After the Storm: A Joplin Update
a total of $310,000 in contributions. The recovery strategy also called for a portion of the more than 1,000 workers hired through the Disaster Recovery Jobs Program to assist with Joplin tree-planting efforts. Trees were secured through the efforts of a variety of sources including Southwest Missouri Resource Conservation and Development Council, Silver Dollar City, Missouri Master Naturalists, the Federated Garden Clubs of Missouri, and NASCAR. In October 2011, Governor Jay Nixon traveled to the Joplin area to host a tree-planting ceremony at Duquesne Elementary School.
A major contributor to Joplin’s tree recovery has been Forest ReLeaf of Missouri, an independent, nonprofit organization dedicated to inspiring volunteer efforts in planting and caring for trees and forests in communities. To date, Forest ReLeaf has contributed 3,000 trees and has added the capacity to grow 5,000 more trees at its nursery in St. Louis County to help meet the ongoing reforestation needs of Joplin.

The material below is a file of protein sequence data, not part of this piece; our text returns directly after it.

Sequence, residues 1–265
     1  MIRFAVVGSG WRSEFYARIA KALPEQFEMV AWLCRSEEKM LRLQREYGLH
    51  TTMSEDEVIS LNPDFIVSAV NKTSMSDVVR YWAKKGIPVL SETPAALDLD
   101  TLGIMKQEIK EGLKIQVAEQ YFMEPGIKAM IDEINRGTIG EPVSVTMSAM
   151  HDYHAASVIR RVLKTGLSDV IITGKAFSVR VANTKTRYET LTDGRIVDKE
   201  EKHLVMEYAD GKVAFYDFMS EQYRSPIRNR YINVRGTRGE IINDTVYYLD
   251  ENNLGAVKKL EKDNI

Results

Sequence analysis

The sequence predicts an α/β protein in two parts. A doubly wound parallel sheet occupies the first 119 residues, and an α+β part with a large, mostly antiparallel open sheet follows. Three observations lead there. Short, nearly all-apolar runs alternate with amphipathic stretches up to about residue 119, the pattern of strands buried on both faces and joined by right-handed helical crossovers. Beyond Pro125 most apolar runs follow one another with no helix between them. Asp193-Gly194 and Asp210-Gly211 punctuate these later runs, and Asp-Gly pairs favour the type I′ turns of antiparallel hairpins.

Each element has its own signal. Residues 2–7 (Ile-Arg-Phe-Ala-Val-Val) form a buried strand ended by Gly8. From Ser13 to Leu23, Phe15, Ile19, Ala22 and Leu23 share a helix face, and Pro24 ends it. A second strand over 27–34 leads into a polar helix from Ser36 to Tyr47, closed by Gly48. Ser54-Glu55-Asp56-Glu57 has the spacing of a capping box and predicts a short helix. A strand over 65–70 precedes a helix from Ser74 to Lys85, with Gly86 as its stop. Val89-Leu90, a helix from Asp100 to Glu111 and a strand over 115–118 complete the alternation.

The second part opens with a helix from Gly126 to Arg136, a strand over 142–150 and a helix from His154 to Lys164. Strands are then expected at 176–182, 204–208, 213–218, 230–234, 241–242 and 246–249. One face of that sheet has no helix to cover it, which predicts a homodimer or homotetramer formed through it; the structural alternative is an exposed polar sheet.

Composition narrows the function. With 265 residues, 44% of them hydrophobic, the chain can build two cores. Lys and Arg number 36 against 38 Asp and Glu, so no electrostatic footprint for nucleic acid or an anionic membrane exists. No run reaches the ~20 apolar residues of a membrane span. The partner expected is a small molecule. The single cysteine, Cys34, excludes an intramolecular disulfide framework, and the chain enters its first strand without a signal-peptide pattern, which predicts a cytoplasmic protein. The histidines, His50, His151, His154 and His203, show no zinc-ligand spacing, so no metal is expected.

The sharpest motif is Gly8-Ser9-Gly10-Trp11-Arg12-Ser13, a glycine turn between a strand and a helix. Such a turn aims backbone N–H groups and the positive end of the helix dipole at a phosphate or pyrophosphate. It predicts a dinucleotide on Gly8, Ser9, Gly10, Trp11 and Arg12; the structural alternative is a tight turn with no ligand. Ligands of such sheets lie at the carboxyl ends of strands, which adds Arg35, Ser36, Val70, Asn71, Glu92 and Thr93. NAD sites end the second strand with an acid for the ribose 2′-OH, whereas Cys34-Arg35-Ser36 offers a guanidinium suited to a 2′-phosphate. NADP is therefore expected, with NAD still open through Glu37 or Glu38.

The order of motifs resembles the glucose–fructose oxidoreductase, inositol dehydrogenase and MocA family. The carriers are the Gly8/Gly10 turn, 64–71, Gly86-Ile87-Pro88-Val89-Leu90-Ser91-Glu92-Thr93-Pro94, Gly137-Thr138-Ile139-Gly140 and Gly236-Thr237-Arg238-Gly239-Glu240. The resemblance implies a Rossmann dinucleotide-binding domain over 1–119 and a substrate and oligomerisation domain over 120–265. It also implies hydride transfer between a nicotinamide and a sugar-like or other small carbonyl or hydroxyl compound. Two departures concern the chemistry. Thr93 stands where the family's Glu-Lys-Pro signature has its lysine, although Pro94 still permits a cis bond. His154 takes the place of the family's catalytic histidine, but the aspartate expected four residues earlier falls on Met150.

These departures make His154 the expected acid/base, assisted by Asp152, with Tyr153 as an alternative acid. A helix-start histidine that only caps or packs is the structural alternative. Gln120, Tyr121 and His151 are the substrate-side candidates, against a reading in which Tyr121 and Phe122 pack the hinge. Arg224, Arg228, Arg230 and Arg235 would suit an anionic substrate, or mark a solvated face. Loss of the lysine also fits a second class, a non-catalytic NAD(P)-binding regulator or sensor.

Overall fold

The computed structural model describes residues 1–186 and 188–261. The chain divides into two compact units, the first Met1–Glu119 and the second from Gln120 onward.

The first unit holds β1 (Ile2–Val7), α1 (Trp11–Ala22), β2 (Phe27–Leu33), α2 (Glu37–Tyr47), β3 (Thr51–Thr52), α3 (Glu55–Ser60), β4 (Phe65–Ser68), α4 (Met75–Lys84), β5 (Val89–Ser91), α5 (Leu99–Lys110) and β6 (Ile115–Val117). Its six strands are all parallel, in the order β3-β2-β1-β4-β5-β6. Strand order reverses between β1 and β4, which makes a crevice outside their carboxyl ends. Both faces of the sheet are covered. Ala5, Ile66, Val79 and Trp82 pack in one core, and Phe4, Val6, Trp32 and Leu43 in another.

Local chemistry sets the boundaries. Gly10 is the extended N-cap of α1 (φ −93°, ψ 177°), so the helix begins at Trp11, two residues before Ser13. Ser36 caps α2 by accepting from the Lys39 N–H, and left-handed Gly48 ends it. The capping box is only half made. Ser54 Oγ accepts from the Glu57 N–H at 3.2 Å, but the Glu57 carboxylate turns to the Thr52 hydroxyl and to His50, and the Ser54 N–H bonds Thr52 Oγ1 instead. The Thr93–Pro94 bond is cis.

“Forest ReLeaf has always provided trees to assist with reforestation efforts after natural disasters,” says Executive Director Donna Coble. “But the sheer scope of tree loss in Joplin, coming on the heels of major tornadoes in St. Louis County that spring, led us to rethink our role post-disaster and, as a result, expand our capacity to meet the long-range restoration needs in communities like Joplin.”
The Southwest Missouri Resource Conservation and Development Council (RC & D) has also had a significant role in this project.
“The RC & D mission is to identify a need in resource conservation, unique development issues as well as other needs of our citizens,” says Kathryn Braden, chair of the Southwest Missouri RC & D. “Then the goal is to bring the need and the solution together. Our motto is ‘Making things happen.’ Obviously, Joplin had a need and replanting the city’s trees would give the population comfort and hope.”
The tree plantings that began in the winter of 2011–12 were conducted in various fashions. Some were organized events that placed a number of trees in the ground in a single day. Other plantings were individual efforts by residents who had received trees through special application processes set up by the city governments of Joplin and Duquesne. The young trees dotting the landscape with increasing frequency gave local residents visions of what they would get in the future and, at the same time, provided clear reminders of what they lacked in